Uniting for Freedom, Democracy & Equality

What Does the Iran Election Boycott Tell Us?

Even though the Iranian regime’s own analysts recognize that the presidential elections earlier this month were widely boycotted, the country’s leaders are trying to save face and put a positive spin on the situation.

On Monday, June 28, 2021, Supreme Leader Ali Khamenei met with judiciary officials and described the election, which 90% of the population boycotted, as “epic”. Even if you believed the regime’s claims that 50% of the country voted, which is much lower than the regime’s claims in previous years, how could that be considered epic?

He claimed: “At least 10 per cent of those who didn’t participate were due to the coronavirus situation, and if we take that into consideration, the turnout would be 60 per cent, which is a good figure.”

Of course, the reality is that, as the Iranian Resistance documented through videos and pictures of empty polling stations, turnout was under 10% thanks to a nationwide campaign. Even the interior ministry advised that many of the ballots were invalid, which could mean that people intentionally spoiled their ballots.

The campaign was started by the Resistance, but then it became the rallying cry during protests by all sectors of society over the past couple of months, with demonstrators chanting “We will not vote” before the regime even declared which candidates they allowed to run for election. The families of executed protesters posted videos on social media where they said “My vote is regime change”.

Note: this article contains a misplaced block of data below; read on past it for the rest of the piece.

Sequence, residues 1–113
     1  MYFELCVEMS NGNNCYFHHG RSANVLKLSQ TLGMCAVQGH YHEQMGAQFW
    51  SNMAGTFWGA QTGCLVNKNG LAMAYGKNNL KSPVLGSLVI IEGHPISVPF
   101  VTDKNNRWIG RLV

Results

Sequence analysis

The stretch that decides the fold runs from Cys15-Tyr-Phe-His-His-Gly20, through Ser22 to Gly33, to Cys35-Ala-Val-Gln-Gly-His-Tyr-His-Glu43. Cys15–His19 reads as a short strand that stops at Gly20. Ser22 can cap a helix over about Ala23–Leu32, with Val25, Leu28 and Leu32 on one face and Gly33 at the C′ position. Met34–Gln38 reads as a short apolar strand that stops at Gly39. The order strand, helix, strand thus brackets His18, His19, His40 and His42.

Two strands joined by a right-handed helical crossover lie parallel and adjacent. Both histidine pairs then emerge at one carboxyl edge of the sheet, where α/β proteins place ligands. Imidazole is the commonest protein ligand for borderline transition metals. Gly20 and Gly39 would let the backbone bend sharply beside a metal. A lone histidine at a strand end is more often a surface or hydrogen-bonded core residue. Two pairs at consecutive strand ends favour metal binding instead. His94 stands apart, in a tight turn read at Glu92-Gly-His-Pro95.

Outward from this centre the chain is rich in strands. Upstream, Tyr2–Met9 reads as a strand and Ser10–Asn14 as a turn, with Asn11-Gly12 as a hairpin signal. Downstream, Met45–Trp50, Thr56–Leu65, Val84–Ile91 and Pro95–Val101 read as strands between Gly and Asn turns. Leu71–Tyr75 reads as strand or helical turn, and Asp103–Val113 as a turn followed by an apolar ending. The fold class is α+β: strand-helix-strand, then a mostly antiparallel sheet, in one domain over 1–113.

Even outgoing president Hassan Rouhani acknowledged a low turnout in a June 24 cabinet meeting, stressing that it is more concerning that this happened despite Khamenei’s pleas for people to vote.

The Iranian Resistance wrote: “The regime is faced with an increasingly restive society that no longer tolerates the rule of the mullahs. This anger and frustration at the outdated religious tyranny ruling Iran have manifested itself in numerous rounds of nationwide protests in which the people called for the overthrow of the regime. And it has more recently manifested itself in the unprecedented boycott of the elections.

The people of Iran have unequivocally voiced their opinion in their slogan that none of the factions in the regime, the so-called “reformists” and “hardliners,” can solve the country’s and the people’s problems… These realities also manifest themselves in expanding protest movements in the first week after the election. There’s no doubt that down the road, there will be another great—and perhaps final—standoff between the people and the regime.”